Kennedy: a kaleidoscopic view; A Hero for Our Times: An Intimate Story of the Kennedy Years, by Ralph G. Martin. New York: Macmillan. 512 pp. $19.95.

Though his abbreviated administration failed to achieve its lofty goals, the fascination with John Fitzgerald Kennedy persists. Hence Ralph Martin's remembrance of the former President will command a considerable audience - even though its anecdotal approach reveals little that is new to anyone remotely familiar with the Kennedy literatures.

In fact, the author cannot seem to make up his mind whether to cast JFK as hero or antihero. The book contains an array of previous allegations concerning the President's checkered past that borders upon the boorish. Yet no sooner does Martin depict the seamier side of his subject than he recalls the blithe spirit of a brilliant politician, whose unerring instincts and inner strength seemed to set him apart from the pack.

What finally emerges is a kaleidoscopic view of John Kennedy that comes to no conclusion - save that here was a man whose promise exceeded his performance. Thus we are left to wonder whether he intended to withdraw US forces from Vietnam in the second term. The indications are that he would have done so, once his reelection was assured. But George Ball has suggested that JFK's reluctance to cut and run before a Communist intrusion could have sucked him into the Southeast Asian quagmire as it did his successor.cho As for JFK's relationship with Lyndon Johnson, Martin stresses that President Kennedy would not tolerate any staff slight toward his running mate. And yet Kennedy isolated himself as much as possible from his loquacious vice-president.end cho

But this was a paradoxical President. How else to explain his reluctance to push his domestic program for fear that his ''slender mandate'' was insufficient? Yet he risked the wrath of Wall Street by forcing Roger Blough to back down and rescind his steel price hike. This same leader who dared launch a Peace Corps and endure the taunts concerning ''Kennedy's Kiddie Korps'' vacillated over civil rights to the point where he was finally forced to act by a burgeoning black movement that would tolerate no further delay. Though sometimes slow to move, Kennedy was a quick study - as witness his use of federal marshals to ensure the integration of the Universities of Alabama and Mississippi. And the President's nationwide speech scoring the shame of segregation was surely one of his finest.

Even more impressive was his foreign-policy apprenticeship that saw him field the Bay of Pigs fiasco with an uncommon grace, ultimately raising his stock in the eyes of a sympathetic US public. This debacle, however, combined with the subsequent meeting in Vienna, convinced Khrushchev that he was dealing with a weakling. Thus the Soviet strongman threatened to drive the US from Berlin and, when that failed, he built the infamous wall. He then resumed atomic testing and eventually tried to sneak offensive missiles into Cuba.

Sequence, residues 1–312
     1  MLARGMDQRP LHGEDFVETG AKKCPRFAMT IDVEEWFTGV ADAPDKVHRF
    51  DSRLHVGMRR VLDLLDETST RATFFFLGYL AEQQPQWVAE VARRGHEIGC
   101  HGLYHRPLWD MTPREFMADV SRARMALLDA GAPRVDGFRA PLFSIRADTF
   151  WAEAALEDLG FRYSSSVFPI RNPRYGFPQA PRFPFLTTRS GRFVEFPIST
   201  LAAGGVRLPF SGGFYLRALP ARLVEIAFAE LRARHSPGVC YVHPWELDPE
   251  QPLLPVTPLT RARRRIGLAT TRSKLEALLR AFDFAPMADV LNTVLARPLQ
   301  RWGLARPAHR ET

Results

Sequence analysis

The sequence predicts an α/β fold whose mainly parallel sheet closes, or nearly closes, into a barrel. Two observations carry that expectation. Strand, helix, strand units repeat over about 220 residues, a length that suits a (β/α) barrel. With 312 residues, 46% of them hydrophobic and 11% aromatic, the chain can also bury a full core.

JFK's handling of the 1962 missile crisis is cited by many as his finest hour. Unlike the earlier Cuban confrontation, Kennedy was in complete control. He carefully chose a naval blockade over the surgical air strike and invasion options advanced by a disparate group of advisers, including the Joint Chiefs of Staff, Dean Acheson, and Sen. J. William Fulbright. Martin's account, though sketchy, leaves no doubt that the Commander in Chief's grace under pressure meant the crucial difference between peace and war. A respectful Lyndon Johnson later recalled that ''Throughout the deliberations, President Kennedy was the coolest man in the room.'' JFK's coolness convinced Khrushchev that the American leader was a worthy adversary. Thereafter, the two men corresponded, and thus arose the genesis of the Nuclear Test Ban Treaty, which may have been the President's most significant foreign-policy accomplishment.

It certainly produced one of his most memorable addresses. Speaking before an American University audience, JFK remarked that ''Enmities between nations, as between individuals, do not last forever.'' He concluded that ''If we cannot end our differences, at least we can make the world safe for diversity. For in the final analysis, our most basic common link is that we all inhabit this planet, we all breathe the same air. We all cherish our children's future. And we are all mortal.''

The message eventually moved Khrushchev to the conference table and a nuclear accord. It also established John F. Kennedy as a serious statesman who deserves better biographers than those who concentrate upon his peccadilloes at the expense of his presidency.

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